I can’t remember exactly what year I first volunteered. I don’t think 826NYC was very old at the time. A small but redoubtable person named Miriam was in charge of the drop-in center. I’ve been captaining a table on Tuesday afternoons ever since.
At the time I first volunteered I was trying to write a novel that wasn’t going anywhere, so I decided to add something to my life that actually produced results. If I had lived in Vermont, where I come from, that might have involved working with Habitat for Humanity, or building an elaborate tree house, but here in Brooklyn after-school tutoring seemed perfect.
The easiest and most enjoyable thing about volunteering at 826 is working with students who love writing and want my input. But the most rewarding moments for me are the times I can help reluctant students engage with their assignments, no matter if it takes most of the session to get there. It’s amazing how people’s moods improve when they’ve put those two pages of math problems behind them.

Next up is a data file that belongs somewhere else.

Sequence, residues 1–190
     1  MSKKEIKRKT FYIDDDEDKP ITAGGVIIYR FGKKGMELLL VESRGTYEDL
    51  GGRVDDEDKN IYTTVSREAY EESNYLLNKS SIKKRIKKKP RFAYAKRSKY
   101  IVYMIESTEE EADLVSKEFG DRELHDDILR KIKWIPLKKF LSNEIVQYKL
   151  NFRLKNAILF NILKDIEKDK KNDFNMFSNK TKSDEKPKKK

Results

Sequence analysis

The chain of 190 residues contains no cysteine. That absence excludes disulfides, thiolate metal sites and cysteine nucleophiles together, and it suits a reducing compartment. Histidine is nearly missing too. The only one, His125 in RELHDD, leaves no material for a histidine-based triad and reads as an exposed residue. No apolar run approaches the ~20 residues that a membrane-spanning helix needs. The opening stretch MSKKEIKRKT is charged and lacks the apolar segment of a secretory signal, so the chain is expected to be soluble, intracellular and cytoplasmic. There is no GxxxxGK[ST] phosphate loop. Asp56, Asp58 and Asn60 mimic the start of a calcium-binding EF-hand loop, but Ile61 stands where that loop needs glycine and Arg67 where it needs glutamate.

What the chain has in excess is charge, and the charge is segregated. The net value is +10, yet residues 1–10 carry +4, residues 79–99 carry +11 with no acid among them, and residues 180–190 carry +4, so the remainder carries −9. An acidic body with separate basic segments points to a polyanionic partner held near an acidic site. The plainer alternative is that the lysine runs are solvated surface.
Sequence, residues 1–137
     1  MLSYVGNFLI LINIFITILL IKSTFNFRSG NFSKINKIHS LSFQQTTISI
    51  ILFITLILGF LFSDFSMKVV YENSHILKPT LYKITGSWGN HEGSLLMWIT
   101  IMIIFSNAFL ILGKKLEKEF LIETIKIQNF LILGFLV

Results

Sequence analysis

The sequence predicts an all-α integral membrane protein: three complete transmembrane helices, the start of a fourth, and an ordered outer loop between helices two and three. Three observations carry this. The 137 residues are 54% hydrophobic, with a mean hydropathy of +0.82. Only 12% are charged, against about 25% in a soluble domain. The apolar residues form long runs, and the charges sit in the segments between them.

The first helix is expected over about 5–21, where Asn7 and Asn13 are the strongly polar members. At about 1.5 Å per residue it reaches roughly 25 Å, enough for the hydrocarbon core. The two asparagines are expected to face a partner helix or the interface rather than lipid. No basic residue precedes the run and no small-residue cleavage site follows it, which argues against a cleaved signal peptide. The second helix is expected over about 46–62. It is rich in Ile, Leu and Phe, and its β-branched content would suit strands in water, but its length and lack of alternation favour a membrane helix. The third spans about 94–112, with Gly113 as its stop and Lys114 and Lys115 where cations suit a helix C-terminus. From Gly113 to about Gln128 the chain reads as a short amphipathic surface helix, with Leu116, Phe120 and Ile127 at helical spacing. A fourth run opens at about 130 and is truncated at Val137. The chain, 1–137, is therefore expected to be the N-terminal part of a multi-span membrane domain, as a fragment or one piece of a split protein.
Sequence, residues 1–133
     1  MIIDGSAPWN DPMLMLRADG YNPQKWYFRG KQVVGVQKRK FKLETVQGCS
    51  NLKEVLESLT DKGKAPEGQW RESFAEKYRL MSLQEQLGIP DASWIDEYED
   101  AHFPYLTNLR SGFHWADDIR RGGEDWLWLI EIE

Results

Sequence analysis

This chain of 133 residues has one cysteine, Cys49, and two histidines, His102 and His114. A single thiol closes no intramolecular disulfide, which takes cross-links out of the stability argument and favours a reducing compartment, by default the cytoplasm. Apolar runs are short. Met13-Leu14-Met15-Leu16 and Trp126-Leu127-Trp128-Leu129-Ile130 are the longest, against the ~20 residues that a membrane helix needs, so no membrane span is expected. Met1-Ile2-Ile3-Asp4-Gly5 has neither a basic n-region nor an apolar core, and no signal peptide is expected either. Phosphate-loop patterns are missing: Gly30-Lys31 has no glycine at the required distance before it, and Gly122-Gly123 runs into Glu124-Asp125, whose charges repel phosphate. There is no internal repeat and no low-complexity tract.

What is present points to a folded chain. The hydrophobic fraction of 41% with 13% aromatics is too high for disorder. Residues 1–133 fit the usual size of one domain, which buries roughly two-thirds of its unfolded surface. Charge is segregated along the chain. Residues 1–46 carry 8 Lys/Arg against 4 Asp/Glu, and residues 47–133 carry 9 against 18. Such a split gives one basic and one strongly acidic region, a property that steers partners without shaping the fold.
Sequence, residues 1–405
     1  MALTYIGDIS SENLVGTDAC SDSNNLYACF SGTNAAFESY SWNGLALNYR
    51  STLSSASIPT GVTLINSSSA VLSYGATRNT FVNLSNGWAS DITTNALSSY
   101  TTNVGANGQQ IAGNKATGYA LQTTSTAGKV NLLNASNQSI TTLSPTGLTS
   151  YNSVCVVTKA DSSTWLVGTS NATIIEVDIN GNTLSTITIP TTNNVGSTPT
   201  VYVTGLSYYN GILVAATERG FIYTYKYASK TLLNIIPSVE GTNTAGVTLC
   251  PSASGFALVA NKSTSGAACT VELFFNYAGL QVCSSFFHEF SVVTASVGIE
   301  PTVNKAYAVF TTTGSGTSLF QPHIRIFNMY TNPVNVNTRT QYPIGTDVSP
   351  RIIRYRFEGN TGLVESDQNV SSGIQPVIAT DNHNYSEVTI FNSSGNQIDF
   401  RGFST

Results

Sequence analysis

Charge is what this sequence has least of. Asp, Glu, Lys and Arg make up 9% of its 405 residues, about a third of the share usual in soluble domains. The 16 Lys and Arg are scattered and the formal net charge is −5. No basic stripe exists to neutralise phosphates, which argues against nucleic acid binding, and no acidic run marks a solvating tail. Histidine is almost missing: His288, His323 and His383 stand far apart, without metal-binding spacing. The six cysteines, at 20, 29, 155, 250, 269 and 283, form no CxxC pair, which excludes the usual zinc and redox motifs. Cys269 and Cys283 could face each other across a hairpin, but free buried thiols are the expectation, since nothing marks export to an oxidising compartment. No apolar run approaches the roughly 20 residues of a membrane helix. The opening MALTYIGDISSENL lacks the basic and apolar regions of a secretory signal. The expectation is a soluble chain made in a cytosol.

I used to work in construction and then I switched to raising children for about twenty years. Now my children are in college and graduate school, and I have no desire to go back to the noise and dust of construction. I’m writing again – poetry this time. I find it’s easier to finish a poem than a novel. Go figure. I guess you could say I’m retired, though I don’t think writers ever really retire. There’s always some little voice in your head saying, “Get back to work!”
To new tutors I would say keep up with the current methods of doing arithmetic. That’s one of the more difficult things for me. Keep a sense of humor. And don’t be shy about asking for help. It’s rare that I see a tutor, new or veteran, that I don’t think could teach me a lot about teaching children.
Among my superpowers is my amazing ability to communicate with my dog. She even comes when I call. About half the time.